Nevertheless, a number of specialists say that the time it takes to get your hands on a Rolex – which can extend to years in some parts of the world – is not necessarily bad news for the Geneva brand.

“There is always a little marketing and prestige attached to rarity,” says Jean-Philippe Bertschy, a consumer goods analyst at the Vontobel investment management group. “In any case, Rolex has never strayed from its principles, which is also part of its success.”

These principles are notably independence, discretion, extreme consistency in developing its iconic models, and strict control of its distribution channels. With a turnover of almost CHF8 billion ($8.42 billion) in 2021, according to estimates by Morgan StanleyExternal link, Rolex is by far the most successful Swiss watch brand around the world.

Rolex produces more than a million timepieces each year in its largely automated factories. It doesn’t aspire to operate in the same league as high-end brands like Patek Philippe or Audemars Piguet, which produce only a few tens of thousands of watches and which sell fewer – but more exclusive – products. But the fact remains that the sheer desirability of Rolex, a decisive factor for positioning in the luxury sector, is reaching new heights.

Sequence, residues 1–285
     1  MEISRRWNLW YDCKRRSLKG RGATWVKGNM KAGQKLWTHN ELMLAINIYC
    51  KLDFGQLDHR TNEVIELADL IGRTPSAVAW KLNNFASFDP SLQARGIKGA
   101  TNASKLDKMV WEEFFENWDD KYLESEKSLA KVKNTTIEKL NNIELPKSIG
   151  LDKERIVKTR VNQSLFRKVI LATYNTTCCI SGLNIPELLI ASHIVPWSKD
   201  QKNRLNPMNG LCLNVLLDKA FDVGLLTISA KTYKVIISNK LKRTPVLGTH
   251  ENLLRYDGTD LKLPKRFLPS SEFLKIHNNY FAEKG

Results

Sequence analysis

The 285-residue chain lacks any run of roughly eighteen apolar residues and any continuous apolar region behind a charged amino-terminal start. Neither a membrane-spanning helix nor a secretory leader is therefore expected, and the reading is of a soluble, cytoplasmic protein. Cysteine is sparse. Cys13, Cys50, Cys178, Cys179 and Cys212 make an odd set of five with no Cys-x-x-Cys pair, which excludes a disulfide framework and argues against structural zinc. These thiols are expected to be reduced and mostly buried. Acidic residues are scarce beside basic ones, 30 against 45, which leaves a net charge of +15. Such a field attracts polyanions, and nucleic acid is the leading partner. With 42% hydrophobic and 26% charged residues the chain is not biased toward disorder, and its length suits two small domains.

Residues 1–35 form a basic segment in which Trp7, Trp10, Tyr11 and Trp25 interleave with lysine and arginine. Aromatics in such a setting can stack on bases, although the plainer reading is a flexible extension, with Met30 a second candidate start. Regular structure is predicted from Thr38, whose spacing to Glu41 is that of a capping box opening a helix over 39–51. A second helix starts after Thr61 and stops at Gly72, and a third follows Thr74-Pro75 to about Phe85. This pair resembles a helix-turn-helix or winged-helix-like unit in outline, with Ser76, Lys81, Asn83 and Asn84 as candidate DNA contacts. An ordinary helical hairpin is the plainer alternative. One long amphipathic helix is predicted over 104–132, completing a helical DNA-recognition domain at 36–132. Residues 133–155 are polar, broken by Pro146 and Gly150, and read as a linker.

Watch lovers in Japan can spend years hunting for a Rolex (3)

Well-organised resellers

“Considerable funds released by central banking authorities to support the economy during the pandemic have boosted demand even more,” says Masayuki Hirota, editor-in-chief of the magazine Chronos Japan.

Whereas in the past in Japanonly watch fans devoted themselves to running a “Rolex marathon”, many Japanese who profited financially from the pandemic have now joined in – purely in the hope of reselling their gold-medal acquisition.

“A second-hand specialist told me that 90% of Rolex buyers are resellers,” Hirota says. “They are very well organised and encourage ordinary people to take part in the marathon too. Official boutiques try to fight against the reselling, but it’s an endless battle.”